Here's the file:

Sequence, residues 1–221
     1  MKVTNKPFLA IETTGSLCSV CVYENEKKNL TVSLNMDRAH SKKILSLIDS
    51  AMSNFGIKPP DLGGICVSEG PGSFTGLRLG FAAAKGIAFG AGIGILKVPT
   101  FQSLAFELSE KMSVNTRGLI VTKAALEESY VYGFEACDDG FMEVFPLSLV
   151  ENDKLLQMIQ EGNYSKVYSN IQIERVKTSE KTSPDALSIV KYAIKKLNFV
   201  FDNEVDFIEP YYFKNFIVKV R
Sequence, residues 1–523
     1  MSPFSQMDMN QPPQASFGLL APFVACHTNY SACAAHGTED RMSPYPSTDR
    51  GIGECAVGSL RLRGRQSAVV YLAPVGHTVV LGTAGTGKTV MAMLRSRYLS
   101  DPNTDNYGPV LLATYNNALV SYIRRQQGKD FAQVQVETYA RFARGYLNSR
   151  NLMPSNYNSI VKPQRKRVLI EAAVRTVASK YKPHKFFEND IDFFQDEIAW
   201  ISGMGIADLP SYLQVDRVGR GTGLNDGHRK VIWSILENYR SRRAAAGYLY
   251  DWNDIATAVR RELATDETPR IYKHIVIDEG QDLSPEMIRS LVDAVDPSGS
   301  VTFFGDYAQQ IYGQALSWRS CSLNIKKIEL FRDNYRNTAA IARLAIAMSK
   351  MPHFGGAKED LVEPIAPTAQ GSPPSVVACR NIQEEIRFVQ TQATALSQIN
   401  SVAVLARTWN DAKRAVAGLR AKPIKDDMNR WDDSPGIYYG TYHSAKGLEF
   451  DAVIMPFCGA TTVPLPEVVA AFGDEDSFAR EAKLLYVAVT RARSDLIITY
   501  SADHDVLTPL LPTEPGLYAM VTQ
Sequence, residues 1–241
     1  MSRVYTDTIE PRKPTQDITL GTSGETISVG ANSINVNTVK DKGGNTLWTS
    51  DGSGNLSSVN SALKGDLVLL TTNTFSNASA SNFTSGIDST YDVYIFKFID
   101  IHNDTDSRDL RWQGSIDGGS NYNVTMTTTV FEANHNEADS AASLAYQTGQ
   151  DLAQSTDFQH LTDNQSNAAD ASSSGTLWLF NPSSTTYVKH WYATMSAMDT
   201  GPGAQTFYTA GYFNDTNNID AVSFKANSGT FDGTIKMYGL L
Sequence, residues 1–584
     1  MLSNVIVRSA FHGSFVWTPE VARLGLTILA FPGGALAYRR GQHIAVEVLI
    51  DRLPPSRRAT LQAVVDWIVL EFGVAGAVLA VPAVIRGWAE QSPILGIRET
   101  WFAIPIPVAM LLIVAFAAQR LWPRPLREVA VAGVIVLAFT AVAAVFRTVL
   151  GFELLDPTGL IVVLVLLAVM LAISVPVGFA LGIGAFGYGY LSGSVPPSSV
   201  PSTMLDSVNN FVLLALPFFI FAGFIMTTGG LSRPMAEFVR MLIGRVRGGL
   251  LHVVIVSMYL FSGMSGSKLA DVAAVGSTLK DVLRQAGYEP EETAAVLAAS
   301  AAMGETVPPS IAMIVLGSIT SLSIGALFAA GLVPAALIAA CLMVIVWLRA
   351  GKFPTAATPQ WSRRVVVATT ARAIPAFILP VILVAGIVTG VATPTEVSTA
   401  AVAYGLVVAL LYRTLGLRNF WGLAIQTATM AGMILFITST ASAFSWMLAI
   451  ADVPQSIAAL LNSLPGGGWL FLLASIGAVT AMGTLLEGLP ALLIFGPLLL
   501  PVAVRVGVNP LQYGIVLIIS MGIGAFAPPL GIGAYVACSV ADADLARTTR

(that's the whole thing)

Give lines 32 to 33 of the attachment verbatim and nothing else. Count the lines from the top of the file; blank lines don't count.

   301  AAMGETVPPS IAMIVLGSIT SLSIGALFAA GLVPAALIAA CLMVIVWLRA
   351  GKFPTAATPQ WSRRVVVATT ARAIPAFILP VILVAGIVTG VATPTEVSTA